One of the most disturbing side effects of MG is that I still occasionally develop slurred speech. When this happens, it can be difficult to convince panicked listeners that I’m not having a stroke! But I’ve learned some tricks; avoiding words with S’s and Z’s helps mask the problem, for instance. For years, my all-purpose interjection was “Sonofabitch!” Now I go with “Holy mackerel!” instead.
At 62, I’m stronger and in better health than my dad was when he was diagnosed. I take medications that have improved my chewing and speaking and eliminated my most alarming complication, difficulty swallowing. I’m thrilled that I can once again chomp up the almond in an Almond Joy. I’ve managed this disease as conscientiously as my diabetes. I downloaded information and learned all I could about the condition from the Myasthenia Gravis Foundation of America. I even underwent treatment with a series of infusions of intravenous immunoglobulin, which helps stabilize the immune system. This treatment could send my condition into remission for weeks, months, or more. So I remain optimistic.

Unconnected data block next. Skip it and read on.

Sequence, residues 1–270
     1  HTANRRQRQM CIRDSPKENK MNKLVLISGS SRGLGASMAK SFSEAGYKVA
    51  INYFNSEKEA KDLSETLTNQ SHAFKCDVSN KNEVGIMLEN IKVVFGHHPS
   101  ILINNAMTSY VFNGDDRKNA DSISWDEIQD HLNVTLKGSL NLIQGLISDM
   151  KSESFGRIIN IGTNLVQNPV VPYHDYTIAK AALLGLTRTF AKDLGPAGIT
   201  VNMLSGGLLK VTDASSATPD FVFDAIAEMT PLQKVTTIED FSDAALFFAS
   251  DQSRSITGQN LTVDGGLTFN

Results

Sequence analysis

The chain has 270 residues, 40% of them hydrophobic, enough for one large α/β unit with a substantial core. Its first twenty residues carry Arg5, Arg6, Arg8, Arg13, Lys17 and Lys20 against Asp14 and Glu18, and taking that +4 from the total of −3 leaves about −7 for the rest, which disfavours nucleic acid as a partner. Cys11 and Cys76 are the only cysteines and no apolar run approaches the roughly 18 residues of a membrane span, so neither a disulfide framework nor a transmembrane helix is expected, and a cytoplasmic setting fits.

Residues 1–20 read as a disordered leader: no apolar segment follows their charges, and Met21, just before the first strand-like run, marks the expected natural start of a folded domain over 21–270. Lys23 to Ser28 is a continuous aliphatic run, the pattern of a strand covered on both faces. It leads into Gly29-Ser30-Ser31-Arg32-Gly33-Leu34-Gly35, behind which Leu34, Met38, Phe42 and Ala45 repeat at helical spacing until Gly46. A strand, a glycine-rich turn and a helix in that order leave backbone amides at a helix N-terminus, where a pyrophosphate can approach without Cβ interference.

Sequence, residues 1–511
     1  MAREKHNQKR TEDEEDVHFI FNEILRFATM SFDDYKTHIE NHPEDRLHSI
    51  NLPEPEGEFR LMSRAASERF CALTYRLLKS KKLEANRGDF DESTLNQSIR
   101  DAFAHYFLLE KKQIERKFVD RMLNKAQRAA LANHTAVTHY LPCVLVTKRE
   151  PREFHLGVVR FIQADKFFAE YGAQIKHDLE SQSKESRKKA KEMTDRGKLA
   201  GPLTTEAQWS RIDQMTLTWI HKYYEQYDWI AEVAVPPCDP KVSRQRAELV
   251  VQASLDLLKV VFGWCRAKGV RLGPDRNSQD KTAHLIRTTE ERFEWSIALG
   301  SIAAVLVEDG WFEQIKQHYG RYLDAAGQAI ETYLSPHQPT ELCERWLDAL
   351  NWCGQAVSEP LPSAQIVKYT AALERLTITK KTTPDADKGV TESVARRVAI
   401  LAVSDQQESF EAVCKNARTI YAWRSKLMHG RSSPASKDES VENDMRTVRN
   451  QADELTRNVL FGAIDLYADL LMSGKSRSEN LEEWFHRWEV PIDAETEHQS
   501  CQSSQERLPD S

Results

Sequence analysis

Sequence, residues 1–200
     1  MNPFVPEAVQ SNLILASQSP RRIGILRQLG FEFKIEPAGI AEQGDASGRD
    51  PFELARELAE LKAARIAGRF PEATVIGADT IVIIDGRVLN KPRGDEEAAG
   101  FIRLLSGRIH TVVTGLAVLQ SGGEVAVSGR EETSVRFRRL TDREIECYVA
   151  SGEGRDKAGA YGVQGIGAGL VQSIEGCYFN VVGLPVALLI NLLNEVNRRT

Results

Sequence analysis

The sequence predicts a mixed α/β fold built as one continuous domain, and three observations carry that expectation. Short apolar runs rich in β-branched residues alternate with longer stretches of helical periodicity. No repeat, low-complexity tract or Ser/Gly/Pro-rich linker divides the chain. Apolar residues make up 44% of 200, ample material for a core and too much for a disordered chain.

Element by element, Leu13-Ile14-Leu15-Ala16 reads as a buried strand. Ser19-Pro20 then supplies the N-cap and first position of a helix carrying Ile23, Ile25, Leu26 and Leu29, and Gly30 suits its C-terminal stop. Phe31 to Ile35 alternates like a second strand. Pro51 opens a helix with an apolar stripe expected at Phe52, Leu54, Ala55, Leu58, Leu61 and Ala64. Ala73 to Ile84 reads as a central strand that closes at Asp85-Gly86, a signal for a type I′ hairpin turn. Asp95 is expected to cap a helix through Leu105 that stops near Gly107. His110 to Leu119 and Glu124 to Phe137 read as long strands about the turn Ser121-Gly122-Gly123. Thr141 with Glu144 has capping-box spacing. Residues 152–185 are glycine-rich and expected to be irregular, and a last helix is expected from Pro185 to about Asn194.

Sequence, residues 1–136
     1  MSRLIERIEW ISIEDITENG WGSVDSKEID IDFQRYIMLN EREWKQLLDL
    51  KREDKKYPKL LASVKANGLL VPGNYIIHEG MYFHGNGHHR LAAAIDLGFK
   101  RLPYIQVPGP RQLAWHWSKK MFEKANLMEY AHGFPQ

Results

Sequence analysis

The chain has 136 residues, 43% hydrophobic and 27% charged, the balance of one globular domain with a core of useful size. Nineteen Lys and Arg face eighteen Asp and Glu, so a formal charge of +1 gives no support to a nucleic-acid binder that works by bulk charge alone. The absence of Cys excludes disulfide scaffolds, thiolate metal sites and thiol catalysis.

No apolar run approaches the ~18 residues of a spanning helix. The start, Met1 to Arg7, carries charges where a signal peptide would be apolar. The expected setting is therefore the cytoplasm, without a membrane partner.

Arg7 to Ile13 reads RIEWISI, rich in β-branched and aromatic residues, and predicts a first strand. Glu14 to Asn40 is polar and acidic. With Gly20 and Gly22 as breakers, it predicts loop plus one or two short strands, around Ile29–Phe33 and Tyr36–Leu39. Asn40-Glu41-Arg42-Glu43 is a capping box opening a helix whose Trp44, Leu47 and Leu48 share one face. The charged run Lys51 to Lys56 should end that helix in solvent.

One evening, I successfully navigated some Chinese food—crispy beef with steamed rice—with little effort. I taped the fortune that accompanied my end-of-meal cookie to my pill sorter so that I see it every day: “Find release from your cares, have a good time.”
Jeff Palmer is an editor and writer in Massachusetts, where he enjoys going to the beach, candlepin bowling, music—although he doesn’t play an instrument—and acting.
Tuesday, June 23, 2015
When secondary-progressive multiple sclerosis forced the author into a wheelchair, she gained a new perspective on the disabled community.
BY LORRAINE WASCHER WOODS
The first 54 years of my life were unremarkable. I earned a college degree, married and divorced, raised two children, and had a rewarding career as a teacher. I traveled and volunteered, was active and outdoorsy, and felt lucky to be able to share life experiences with family and friends.
That changed when I was diagnosed with multiple sclerosis (MS) at age 40. I had unsettling symptoms like falling for no reason, numbness in my arms or feet at odd moments, fatigue, and a painful, squeezing pressure around my torso (what patients call the “MS hug”). I fought hard to keep these symptoms at bay and to keep others from developing for as long as possible. I even thought I could beat the disease.